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A Thesaurus Is Not a Dinosaur!
by Becky L. Spivey, M.Ed.
The thesaurus (thi-SOR-us) is one of the oldest and most widely used reference books, next to the dictionary. A thesaurus is a collection of phrases, concepts, and related words usually alphabetized like a simple dictionary. The first English language thesaurus, Roget’s Thesaurus, was created in 1852 by Dr. Peter Mark Roget (1779-1869). The term “thesaurus” comes from the Greek word “thesauros,” meaning “treasure.” Roget created a reference book that is the opposite of a dictionary. A dictionary is the book to use when you know a word and want to spell it correctly or learn more about it. When you know what a certain word means, but you’re looking for a different word to convey that same meaning, a thesaurus is the book you need.
What Does a Thesaurus Do?
A thesaurus contains words (labeled with their part of speech) and their synonyms (words that mean the same) and sometimes their antonyms (words that mean the opposite). Some thesauruses include popular phrases/ideas like “what-do-you-call-it” and “as pretty as a picture.” A thesaurus does not include lengthy definitions of words like you find in a dictionary. A thesaurus requires you to know the intended meaning of a word in its context in order to find its best synonym(s). Language reference books, like a thesaurus, help us find alternative words and/or phrases to convey a particular idea or concept.
A thesaurus groups words of very similar meaning and orders them in a hierarchy of the most closely related word to a word that may have only a shade of the entry word’s meaning. For example, when looking for the word beautiful, the synonyms listed in one particular thesaurus are: attractive, beauteous, bonny, comely, dishy, fair, foxy, good-looking, handsome, lovely, pretty, stunning, and well-favored. When using beautiful in the context of something/someone being pretty, “attractive” appears first as the most closely related synonym with “well-favored” coming last and having only a shade of the meaning beautiful.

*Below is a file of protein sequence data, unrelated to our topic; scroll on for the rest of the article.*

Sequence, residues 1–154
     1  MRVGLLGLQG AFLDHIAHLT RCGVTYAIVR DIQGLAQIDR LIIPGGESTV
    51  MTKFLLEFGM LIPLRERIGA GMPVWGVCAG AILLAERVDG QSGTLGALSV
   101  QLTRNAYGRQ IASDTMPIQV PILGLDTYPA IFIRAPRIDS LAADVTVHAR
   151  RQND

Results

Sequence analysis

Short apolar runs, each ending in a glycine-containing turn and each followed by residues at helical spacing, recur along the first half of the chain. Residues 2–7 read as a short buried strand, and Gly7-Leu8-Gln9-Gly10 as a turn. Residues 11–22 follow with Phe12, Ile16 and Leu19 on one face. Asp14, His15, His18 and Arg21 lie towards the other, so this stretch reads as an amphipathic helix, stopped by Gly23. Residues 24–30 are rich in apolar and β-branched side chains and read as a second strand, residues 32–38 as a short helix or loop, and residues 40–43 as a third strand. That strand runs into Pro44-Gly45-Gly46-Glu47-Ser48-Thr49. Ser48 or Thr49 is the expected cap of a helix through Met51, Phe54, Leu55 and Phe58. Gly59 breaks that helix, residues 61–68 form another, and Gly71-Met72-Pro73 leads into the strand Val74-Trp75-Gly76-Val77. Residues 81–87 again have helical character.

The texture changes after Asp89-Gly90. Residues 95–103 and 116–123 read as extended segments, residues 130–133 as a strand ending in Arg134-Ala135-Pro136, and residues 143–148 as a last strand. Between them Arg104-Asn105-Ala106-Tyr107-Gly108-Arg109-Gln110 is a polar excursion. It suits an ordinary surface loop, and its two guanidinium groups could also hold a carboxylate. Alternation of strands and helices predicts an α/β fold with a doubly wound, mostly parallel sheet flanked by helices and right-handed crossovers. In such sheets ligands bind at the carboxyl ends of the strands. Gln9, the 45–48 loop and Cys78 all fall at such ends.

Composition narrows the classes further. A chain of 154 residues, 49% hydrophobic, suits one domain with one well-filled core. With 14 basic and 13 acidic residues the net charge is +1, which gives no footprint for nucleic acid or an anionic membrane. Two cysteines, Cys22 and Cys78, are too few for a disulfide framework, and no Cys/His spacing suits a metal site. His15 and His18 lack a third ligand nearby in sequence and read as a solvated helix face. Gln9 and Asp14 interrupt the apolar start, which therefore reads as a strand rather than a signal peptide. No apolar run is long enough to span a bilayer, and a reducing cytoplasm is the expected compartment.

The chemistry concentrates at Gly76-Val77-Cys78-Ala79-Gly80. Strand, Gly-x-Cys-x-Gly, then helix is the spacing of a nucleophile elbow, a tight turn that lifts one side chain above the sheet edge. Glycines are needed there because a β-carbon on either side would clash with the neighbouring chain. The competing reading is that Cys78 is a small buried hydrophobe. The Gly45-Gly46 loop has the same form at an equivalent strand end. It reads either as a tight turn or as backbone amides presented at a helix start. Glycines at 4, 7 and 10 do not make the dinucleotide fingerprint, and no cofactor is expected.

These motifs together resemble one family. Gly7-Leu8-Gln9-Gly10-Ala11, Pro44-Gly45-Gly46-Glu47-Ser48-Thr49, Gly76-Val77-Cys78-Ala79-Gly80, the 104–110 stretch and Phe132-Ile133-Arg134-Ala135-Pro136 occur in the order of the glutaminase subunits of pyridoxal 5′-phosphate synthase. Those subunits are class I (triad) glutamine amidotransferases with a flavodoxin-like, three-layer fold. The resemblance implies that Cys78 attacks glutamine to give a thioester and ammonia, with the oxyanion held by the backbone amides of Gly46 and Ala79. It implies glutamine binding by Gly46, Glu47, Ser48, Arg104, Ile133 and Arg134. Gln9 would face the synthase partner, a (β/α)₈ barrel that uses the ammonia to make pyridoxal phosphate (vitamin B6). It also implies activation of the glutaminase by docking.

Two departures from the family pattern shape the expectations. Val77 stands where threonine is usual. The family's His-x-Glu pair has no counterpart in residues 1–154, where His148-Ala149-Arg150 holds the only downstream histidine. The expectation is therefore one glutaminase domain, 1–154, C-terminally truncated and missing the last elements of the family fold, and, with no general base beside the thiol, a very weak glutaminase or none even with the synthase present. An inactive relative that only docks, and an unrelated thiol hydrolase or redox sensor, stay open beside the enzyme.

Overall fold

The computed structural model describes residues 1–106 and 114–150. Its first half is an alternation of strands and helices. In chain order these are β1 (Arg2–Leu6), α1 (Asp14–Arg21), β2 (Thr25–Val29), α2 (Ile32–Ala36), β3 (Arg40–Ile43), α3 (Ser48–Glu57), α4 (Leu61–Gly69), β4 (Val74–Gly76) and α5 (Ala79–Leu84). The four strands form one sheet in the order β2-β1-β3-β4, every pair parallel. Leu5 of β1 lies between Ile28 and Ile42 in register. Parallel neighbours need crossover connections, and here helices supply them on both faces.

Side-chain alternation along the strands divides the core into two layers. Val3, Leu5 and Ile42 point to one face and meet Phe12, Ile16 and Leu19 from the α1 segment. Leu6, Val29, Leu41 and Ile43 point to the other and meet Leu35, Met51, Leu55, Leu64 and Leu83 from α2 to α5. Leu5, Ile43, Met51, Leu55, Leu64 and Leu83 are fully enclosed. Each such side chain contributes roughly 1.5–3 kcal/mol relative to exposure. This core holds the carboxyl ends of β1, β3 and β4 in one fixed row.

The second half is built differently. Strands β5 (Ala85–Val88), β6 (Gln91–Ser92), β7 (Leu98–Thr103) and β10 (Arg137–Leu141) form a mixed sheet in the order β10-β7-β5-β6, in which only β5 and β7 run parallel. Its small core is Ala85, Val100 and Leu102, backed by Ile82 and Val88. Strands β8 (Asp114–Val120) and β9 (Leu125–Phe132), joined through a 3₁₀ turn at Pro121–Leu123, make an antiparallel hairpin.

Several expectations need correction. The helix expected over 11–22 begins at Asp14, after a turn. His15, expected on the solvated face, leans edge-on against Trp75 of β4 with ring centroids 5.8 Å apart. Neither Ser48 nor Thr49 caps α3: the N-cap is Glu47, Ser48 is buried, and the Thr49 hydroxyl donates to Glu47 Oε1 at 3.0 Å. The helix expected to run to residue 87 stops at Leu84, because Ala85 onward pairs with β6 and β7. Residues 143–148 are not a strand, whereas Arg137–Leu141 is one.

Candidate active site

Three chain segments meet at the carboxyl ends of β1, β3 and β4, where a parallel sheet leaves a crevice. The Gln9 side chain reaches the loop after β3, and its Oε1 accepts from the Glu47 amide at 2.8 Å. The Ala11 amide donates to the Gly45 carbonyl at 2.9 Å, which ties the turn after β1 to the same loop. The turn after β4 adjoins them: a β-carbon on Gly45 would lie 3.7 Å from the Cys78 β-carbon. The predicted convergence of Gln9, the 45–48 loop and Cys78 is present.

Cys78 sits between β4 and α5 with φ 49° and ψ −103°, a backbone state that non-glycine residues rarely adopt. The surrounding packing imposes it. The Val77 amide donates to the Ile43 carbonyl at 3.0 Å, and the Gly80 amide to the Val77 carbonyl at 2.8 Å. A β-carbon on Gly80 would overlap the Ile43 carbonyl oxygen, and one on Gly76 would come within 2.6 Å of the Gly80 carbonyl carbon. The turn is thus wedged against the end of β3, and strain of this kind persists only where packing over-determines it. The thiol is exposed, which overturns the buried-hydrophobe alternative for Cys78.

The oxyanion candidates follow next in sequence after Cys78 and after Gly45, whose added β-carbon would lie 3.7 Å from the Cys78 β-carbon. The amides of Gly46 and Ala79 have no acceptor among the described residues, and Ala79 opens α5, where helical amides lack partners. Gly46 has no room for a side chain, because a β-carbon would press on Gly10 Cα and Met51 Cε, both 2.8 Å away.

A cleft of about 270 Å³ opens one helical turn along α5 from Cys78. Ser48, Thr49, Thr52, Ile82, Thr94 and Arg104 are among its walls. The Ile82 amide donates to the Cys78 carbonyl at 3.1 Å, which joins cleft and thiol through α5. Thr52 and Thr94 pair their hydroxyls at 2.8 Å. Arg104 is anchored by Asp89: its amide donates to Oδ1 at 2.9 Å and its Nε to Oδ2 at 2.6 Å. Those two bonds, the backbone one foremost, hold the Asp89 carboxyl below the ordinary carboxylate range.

More About Thesauruses
Thesauruses come in many forms—a paper-filled book, a word processing tool on your computer, a hand-held electronic device, or on a Web site. Thesauruses may differ slightly in the way to search for words and their synonyms. Instead of finding entry words alphabetically, the user may have to search entry words in an index found at the back of the book and refer to a page number where an entire category of similar words will be listed. For younger students, the alphabetical entry listing is the best introduction to the thesaurus since it follows the same layout as a regular dictionary.
In the current technological world, students will likely learn to use the electronic thesaurus included in most computers’ word processing programs, but the best introduction in learning to use the thesaurus is the tried-and-true paper book. There are many other thesauruses besides the ones for literary use (and dictionaries too) with information about very specific or specialty subjects—psychology, art and architecture, food and agriculture, biology, etc. Teaching students to use simple paper reference books like the thesaurus and dictionary helps lay the foundation for navigating through other reference books and materials as well as their electronic counterparts with more efficiency and greater understanding.
 
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